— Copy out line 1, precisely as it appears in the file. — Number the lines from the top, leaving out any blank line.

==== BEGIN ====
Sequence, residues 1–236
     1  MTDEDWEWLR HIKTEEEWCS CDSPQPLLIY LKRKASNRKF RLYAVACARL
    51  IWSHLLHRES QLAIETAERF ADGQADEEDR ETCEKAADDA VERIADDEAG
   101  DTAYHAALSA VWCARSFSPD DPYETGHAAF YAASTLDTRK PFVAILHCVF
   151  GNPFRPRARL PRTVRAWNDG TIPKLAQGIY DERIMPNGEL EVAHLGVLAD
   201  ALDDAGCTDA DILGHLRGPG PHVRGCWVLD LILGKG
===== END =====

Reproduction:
Sequence, residues 1–236